It’s easy to get overwhelmed by tax forms, but learning how to read your w-2 is very easy! Once you know these simple tips, filing taxes will go from a scary headache to an absolute breeze.
How to Read Your W-2
The first thing you should know is; every box on the form has a label with a number or letter in the upper left-hand corner. This label is frequently referenced when using tax preparation software, speaking with an accountant, or following a guide online.
The next tip should help you relax – only a few of these boxes are relevant most of the time. The boxes pertinent to most employees are;
- A – Your social security number
- B – Your employer’s identification number
- 1 – Wages, tips, and other compensation
- 2 – Federal income tax withheld
- 16 – State wages, tips, etc.
- 17 – State income tax
The Important Bits
Let’s go through each of the above and look at why they’re on this form.
Box A. Social Security Number
Your SSN is the number the IRS associates with you as a person. Your social security number is tied to all of your banking activity (since you used it to open your account), all work activities, and to your tax return. This one number is the thing that ties everything you do with money together.
Box B. Employer’s Identification Number (EIN)
An EIN is the exact business equivalent of a social security number. If someone runs their own business as a sole proprietor, their EIN is their social security number.
In much the same way, the EIN ties together all of their money, including how they spent it paying employees. This form, the W-2, is the document that links those payments to their tax return.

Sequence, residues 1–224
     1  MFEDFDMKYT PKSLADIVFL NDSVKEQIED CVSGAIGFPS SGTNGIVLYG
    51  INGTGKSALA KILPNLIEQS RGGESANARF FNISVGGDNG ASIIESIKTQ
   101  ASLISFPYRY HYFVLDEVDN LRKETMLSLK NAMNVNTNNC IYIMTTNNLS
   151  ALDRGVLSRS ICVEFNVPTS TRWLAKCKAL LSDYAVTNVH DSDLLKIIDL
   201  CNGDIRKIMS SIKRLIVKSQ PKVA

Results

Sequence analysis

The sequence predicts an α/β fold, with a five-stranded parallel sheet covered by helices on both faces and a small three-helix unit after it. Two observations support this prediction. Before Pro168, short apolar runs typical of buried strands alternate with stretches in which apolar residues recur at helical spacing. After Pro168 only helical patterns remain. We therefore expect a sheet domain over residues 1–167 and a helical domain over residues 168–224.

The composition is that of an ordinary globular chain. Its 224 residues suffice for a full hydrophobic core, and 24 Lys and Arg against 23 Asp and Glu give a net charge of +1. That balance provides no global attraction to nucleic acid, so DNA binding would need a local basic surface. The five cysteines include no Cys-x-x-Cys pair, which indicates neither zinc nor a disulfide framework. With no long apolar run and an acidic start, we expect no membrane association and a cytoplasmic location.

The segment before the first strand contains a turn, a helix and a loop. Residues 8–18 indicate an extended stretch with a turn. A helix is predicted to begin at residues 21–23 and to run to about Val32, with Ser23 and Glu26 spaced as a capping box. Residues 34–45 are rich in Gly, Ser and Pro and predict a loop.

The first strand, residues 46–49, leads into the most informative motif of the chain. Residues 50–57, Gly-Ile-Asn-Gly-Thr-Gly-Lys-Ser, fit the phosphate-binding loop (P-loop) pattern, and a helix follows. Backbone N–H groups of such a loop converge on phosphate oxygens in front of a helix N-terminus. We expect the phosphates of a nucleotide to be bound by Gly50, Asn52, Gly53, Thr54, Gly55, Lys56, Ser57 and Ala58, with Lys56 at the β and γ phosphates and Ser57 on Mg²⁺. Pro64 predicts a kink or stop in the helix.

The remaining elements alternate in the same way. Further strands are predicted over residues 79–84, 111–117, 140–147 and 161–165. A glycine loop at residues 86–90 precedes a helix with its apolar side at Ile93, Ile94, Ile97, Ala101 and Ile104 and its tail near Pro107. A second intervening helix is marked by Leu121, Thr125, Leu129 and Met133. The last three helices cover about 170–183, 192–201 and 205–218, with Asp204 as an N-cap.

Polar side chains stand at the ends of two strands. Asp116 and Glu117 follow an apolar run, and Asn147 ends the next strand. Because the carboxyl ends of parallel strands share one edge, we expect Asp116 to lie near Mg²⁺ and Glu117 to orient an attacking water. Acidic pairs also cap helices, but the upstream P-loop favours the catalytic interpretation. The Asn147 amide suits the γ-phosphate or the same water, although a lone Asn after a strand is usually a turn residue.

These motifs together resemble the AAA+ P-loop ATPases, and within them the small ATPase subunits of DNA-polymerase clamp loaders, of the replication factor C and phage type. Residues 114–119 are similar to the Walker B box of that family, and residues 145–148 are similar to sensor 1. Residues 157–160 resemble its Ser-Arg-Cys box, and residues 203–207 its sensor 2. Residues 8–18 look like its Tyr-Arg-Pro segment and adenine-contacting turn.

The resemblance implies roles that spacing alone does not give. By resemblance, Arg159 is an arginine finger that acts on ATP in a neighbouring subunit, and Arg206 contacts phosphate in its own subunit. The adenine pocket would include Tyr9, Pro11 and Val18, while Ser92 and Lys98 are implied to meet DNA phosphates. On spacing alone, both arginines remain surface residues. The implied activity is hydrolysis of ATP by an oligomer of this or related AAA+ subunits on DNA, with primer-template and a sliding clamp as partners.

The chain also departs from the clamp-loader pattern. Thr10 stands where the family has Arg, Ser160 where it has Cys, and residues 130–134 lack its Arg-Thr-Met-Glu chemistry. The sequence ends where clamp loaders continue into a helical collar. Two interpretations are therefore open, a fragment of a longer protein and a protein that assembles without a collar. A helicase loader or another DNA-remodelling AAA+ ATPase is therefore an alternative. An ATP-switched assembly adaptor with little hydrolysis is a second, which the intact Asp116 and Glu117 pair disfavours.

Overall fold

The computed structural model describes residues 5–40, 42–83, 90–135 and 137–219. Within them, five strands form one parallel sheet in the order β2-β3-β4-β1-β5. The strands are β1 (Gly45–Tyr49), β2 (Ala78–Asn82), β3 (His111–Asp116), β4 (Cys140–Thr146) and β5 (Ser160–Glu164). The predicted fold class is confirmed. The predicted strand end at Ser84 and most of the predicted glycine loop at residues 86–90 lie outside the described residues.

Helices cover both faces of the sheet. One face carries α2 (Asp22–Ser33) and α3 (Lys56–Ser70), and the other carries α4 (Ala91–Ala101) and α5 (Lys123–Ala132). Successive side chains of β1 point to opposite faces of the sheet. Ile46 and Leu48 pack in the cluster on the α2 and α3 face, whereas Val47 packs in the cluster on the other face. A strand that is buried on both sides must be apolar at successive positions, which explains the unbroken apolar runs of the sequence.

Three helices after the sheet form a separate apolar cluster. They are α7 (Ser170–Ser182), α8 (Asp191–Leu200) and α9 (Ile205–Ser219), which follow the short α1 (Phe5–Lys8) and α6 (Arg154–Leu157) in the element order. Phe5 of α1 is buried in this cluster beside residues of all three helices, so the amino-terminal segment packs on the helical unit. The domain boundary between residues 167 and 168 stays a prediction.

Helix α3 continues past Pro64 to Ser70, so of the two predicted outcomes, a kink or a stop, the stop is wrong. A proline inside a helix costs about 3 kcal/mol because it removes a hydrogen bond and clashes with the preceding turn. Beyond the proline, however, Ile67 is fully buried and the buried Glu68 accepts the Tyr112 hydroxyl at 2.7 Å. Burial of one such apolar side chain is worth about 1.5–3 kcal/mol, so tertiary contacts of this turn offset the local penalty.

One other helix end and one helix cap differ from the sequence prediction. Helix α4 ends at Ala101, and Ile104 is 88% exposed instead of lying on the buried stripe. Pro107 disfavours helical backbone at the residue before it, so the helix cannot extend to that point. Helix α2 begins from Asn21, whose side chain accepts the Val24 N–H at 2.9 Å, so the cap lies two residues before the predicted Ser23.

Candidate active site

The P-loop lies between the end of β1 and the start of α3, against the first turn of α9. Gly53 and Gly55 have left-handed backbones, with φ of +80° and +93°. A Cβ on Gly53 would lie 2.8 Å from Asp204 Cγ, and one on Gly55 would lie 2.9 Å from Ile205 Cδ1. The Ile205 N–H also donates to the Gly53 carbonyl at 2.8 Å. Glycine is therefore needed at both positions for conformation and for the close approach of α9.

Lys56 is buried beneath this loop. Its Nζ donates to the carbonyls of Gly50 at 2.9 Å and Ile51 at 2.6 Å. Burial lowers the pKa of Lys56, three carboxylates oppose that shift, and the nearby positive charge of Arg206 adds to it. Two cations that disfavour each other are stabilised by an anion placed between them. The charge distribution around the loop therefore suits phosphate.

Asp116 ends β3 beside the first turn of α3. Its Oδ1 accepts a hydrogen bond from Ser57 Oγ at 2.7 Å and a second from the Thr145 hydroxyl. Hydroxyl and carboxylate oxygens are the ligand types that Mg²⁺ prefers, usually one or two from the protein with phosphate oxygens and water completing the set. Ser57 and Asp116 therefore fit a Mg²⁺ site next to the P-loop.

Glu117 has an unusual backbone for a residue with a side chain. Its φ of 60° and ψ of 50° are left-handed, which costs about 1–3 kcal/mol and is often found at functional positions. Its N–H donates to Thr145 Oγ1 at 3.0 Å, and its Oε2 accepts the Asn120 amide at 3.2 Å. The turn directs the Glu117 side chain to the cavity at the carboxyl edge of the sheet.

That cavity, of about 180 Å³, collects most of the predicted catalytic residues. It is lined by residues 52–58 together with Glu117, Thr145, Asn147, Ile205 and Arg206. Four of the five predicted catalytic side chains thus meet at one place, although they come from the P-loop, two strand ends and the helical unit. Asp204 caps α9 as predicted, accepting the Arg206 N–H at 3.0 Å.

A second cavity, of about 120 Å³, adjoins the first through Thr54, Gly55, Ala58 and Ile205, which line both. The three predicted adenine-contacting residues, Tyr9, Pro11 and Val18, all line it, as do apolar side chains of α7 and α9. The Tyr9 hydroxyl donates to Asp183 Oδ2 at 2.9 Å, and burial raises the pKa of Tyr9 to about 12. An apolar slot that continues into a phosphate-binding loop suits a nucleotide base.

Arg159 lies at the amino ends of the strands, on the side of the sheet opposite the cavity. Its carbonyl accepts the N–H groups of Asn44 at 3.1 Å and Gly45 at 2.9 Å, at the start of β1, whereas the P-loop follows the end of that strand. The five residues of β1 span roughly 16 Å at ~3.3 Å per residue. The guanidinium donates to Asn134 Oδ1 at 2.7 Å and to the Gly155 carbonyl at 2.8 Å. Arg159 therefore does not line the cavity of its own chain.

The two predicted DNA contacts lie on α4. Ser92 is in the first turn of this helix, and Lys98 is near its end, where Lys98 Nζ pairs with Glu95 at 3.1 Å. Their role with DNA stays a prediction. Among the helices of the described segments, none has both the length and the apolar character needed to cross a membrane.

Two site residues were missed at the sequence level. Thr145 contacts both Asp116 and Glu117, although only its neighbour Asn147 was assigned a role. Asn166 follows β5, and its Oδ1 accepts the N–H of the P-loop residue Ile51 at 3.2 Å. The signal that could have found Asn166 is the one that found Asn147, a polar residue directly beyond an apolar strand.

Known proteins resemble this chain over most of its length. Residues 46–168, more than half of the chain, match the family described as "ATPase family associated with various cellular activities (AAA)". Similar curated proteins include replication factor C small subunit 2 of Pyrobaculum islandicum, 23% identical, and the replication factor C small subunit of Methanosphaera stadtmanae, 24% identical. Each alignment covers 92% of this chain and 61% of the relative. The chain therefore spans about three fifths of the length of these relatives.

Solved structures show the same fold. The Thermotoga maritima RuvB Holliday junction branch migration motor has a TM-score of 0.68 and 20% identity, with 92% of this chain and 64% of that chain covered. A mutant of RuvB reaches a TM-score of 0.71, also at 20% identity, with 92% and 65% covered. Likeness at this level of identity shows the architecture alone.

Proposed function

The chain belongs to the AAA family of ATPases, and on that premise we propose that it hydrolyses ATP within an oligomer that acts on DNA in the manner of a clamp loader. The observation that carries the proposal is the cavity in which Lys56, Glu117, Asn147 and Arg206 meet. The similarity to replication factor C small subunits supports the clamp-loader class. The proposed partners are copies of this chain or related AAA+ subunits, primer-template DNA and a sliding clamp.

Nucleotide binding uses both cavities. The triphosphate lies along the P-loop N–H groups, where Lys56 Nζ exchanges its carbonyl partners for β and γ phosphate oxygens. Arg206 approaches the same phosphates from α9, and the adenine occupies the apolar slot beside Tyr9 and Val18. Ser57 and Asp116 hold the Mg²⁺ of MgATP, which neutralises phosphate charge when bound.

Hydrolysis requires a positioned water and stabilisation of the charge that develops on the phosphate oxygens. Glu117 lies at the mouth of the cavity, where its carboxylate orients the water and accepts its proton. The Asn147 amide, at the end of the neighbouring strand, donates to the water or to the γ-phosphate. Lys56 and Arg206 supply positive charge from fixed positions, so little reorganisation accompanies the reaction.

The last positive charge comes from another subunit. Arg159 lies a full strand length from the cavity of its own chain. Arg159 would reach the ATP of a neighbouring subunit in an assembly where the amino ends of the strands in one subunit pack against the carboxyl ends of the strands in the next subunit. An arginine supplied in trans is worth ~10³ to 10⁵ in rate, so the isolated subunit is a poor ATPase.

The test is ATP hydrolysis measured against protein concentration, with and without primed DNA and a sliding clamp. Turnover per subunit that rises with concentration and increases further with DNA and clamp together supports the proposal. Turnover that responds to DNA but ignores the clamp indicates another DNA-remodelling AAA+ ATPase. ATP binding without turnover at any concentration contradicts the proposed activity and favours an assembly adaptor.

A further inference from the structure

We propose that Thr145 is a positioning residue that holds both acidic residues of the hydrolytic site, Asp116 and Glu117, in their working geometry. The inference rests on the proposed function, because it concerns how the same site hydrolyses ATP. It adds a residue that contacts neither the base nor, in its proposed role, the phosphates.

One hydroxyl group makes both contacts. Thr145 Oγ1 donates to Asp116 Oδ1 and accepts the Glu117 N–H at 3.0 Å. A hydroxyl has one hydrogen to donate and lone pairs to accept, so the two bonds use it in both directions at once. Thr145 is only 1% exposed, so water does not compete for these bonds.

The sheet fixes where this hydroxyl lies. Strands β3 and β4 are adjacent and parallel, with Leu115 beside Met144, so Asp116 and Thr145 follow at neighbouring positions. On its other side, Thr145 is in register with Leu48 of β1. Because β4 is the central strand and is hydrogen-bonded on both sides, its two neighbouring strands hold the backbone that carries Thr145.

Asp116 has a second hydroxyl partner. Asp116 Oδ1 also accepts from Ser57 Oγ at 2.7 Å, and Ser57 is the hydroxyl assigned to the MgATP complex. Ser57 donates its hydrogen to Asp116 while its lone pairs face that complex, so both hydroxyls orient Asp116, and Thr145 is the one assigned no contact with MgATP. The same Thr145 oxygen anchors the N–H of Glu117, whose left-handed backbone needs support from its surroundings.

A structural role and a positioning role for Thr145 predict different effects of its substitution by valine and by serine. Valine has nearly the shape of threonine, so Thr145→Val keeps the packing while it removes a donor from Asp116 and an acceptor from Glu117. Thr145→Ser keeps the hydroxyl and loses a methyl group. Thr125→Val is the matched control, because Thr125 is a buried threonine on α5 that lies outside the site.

Box 1. Wages, Tips, and Other Compensation
This box effectively contains a summary of your pay, including tips. Importantly, this does not include many types of benefits, like an employee health plan, IRA, or 401k. Those items are in boxes 11 and 12.
Box 2. Federal Income Tax Withheld
This box contains the amount withheld from your paycheck to pay federal taxes. This box is notable because your federal refund (if owed to you) is the difference between the number in this box and the amount ideally withheld.
Box 16. State Wages, Tips, etc.
The number in this box is generally going to be the same as your net income anywhere else on the form but will not have benefits broken out separately as in boxes 11 and 12.
Box 17. State Income Tax
This box states what was withheld from your paycheck to pay state taxes. This box is relevant for much the same reason as Box 2 above – this is the amount of state taxes paid, and if it’s higher than the ideal amount to withhold, you will get the difference as your state refund.
Why understanding the W-2 form is important
If you have a solid grasp of how to read a W-2, you can have a good idea of whether you’re going to owe money or get a refund at the end of the tax year. This knowledge can help a lot with financial planning since that refund could be the difference between blowing your tax savings account on vacation, or having to send that money to the IRS.
Considering how valuable that information can be, you might not want to wait for your W-2 to come to figure out whether or not you’ll owe. If that’s the case for you, you can use sites like Paystubs.net to calculate what your W-2 form is going to look like before you even receive the physical form.
Now that you’ve had the critical parts explained, you can feel confident that you know how to read your W-2 well enough that you won’t be missing anything important when going over the cryptic form in the future.
Incoming search terms:
- how to read your w2
- how to understand W2
- how to read your w-2
- how to read a w-2
- how to read a w2
- how to understand my w2
- how understand w2
- how to read my w-2
- how to read w-2
- how to read your w-2 form